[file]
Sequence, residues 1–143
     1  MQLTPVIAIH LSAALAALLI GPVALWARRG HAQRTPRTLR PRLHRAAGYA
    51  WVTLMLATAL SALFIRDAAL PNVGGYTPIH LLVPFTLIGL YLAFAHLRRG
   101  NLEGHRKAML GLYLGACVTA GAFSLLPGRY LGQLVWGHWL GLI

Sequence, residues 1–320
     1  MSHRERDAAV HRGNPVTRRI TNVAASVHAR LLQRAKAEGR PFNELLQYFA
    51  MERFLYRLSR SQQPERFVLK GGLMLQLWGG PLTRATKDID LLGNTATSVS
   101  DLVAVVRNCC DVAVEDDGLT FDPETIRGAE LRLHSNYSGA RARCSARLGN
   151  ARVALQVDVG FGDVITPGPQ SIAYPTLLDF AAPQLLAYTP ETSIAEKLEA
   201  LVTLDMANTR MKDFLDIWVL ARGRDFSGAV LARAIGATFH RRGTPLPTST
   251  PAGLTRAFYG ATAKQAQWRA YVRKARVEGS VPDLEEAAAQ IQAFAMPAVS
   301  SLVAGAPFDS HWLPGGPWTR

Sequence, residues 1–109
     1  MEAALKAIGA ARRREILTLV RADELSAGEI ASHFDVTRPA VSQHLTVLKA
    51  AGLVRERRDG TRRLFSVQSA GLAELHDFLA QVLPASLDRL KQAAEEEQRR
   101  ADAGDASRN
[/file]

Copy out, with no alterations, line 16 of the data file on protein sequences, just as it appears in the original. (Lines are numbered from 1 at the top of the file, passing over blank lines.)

   101  ADAGDASRN